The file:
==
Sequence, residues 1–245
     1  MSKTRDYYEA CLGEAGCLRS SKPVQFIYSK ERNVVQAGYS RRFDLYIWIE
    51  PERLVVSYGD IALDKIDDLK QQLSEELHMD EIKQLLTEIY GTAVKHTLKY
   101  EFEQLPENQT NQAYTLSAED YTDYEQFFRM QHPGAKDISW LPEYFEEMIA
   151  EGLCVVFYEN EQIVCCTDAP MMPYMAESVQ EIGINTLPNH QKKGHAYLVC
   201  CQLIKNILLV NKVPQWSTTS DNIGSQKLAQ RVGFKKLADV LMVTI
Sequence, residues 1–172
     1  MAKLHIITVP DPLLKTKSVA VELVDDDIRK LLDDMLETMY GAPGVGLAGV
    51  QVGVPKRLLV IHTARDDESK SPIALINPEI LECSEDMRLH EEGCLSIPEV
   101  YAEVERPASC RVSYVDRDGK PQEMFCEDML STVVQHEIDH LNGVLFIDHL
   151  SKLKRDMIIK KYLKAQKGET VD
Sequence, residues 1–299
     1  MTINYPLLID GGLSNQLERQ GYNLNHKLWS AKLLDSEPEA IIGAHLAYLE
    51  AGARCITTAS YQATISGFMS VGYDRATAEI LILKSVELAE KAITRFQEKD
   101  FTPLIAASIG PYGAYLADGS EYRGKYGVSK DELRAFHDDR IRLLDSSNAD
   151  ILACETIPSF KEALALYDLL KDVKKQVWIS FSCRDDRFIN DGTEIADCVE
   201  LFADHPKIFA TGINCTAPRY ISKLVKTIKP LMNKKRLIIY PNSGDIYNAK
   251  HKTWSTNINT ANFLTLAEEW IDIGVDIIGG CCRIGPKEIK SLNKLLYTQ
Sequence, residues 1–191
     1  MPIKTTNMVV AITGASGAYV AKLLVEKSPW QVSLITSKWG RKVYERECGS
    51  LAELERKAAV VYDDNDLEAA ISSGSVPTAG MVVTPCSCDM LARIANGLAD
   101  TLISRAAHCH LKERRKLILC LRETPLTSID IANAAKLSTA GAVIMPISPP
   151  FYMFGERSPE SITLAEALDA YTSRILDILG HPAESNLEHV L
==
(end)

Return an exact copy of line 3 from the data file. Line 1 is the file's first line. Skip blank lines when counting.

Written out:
    51  PERLVVSYGD IALDKIDDLK QQLSEELHMD EIKQLLTEIY GTAVKHTLKY